By Jasmin Malik Chua / Source: Ecouterre


It’s time to face up to the irrefutable truth: Those cheap clothes we can’t get enough are probably the handiwork of impoverished children from Bangladesh, some as young as 6. About a third of the children who live in the slums of the capital of Dhaka spend an average of 64 hours a week making clothing for the world’s leading brands and retailers, according to the Overseas Development Institute. The London-based think tank, which conducted a survey of 2,700 households, found that 32 percent of 10- to 14-year-olds were skipping school so they could work full time at garment factories. Most of them earned less than $2 a day. “Our survey raises serious concerns over the issue of child labor in the supply of garments from factories in Bangladesh to consumers in Europe, the U.S., and elsewhere,” ODI said.



Funded through a grant from the Bangladesh office of the United Kingdom’s Department for International Development, the study is among the largest to scope out child work and education in the South Asian nation, the organization said.

“Child labor is rife in these slums,” ODI wrote in a report published Wednesday. “While our survey is not nationally representative, it provides a window on the world of child labor in the megacity of Dhaka, which accounts for almost half of Bangladesh’s slum population.”

Significant numbers of both boys and girls reported extreme fatigue, back pain and fever, and superficial injuries.

Despite some efforts by Bangladesh to eliminate the worst kinds of child labor in recent years, more than 5 million of the country’s children, aged between 5 and 17, remain engaged in some form of employment, according to the International Labour Organization.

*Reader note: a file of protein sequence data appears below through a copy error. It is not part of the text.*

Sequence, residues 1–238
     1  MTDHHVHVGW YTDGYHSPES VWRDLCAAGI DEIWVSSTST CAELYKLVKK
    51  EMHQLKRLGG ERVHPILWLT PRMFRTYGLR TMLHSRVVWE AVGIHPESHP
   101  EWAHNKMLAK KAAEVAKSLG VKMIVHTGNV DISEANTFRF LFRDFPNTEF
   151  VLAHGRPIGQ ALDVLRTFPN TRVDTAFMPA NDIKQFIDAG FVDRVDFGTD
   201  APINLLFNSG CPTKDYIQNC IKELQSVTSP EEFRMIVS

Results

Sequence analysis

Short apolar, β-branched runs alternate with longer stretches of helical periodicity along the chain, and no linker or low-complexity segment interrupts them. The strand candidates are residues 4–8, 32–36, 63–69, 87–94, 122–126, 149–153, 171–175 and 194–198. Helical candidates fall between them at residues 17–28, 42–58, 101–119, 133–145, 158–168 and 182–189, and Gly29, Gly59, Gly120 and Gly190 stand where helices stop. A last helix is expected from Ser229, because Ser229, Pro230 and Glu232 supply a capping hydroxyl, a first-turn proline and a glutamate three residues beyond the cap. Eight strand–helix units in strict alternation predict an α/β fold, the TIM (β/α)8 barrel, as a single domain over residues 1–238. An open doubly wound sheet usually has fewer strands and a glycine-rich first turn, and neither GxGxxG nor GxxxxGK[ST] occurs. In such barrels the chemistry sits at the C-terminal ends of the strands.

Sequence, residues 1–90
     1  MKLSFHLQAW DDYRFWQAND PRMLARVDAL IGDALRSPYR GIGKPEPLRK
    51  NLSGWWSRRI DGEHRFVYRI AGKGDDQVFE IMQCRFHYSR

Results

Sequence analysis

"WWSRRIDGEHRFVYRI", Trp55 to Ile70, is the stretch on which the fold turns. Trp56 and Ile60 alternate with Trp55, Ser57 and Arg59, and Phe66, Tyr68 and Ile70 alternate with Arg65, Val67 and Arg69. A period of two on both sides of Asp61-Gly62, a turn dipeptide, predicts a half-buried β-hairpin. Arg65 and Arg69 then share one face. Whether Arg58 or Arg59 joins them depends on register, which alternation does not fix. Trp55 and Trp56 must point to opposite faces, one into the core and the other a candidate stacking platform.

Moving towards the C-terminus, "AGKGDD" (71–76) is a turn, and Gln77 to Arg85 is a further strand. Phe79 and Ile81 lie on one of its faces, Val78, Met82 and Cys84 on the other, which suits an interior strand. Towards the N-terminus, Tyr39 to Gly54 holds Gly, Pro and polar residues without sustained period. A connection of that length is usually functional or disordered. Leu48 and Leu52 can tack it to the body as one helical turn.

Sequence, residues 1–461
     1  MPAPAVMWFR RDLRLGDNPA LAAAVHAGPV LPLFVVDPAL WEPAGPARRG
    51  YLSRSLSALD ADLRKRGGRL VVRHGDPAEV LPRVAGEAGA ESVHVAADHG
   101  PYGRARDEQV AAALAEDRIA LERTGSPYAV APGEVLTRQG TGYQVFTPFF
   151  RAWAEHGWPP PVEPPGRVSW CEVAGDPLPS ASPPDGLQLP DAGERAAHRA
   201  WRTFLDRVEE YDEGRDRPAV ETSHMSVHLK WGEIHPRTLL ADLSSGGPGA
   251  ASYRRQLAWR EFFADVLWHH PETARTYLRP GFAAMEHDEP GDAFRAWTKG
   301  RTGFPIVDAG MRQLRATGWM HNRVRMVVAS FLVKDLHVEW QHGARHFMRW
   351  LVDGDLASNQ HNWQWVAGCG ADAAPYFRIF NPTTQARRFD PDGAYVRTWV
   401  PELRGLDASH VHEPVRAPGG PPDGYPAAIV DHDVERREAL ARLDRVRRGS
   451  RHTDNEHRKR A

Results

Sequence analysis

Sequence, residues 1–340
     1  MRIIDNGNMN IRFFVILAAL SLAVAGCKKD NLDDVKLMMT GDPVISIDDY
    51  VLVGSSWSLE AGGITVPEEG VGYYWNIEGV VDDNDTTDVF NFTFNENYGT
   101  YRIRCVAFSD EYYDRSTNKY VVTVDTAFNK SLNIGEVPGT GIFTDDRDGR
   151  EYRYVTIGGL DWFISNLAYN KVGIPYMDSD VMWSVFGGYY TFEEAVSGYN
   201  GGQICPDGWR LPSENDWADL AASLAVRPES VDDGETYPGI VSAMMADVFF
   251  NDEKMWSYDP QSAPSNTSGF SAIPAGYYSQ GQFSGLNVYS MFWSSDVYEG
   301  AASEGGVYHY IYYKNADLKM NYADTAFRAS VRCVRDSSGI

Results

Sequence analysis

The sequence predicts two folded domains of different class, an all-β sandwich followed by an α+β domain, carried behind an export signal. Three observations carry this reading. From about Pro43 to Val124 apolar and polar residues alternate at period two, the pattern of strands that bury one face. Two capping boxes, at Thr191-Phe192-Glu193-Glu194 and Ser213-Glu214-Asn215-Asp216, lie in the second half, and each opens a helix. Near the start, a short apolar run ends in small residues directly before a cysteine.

While the minimum working age in Bangladesh is 14, children aged 12 and above are allowed to carry out “light work,” for up to 42 hours a week, but only as long as it doesn’t get in the way of their education. “Light work” explicitly bars children from pulling all-night shifts or performing any tasks that is deemed hazardous.

ODI says that these labor laws are poorly enforced and broadly ignored.

By age 14, it said, more than half of children living in Dhaka’s slums were already working. Two-thirds of the girls who are employed end up toiling for the Bangladesh’s $19 billion-a-year garment industry—the world’s second-largest after China—compared with 13 percent of the boys.

Significant numbers of both boys and girls reported extreme fatigue, back pain and fever, and superficial injuries.

“The prominent role of garment factories is one of the more surprising findings to emerge; it is widely assumed that the sector is more intensely regulated than other sectors,” ODI said. “It might have been expected that the prospect of investigation and monitoring would deter the recruitment of underage children. Child-labor legislation is enforceable through fines—and the Chief Inspector of Factories (which operates under the auspices of the Ministry of Labour) is empowered to carry out unannounced spot checks.”

But there is a “systemic problem of enforcement and compliance,” ODI noted.

Most inspection programs established by Western brands cover only large, formal-sector enterprises, or about one-quarter of Bangladesh’s garment factories.

Plus, even the so-called “first tier” is heavily involved in sub-contracting work to unregistered facilities with even laxer oversight, often without the knowledge of the commissioning brands.

ODI urges brands to take a more proactive role and provide construction solutions to the problem of child labor.

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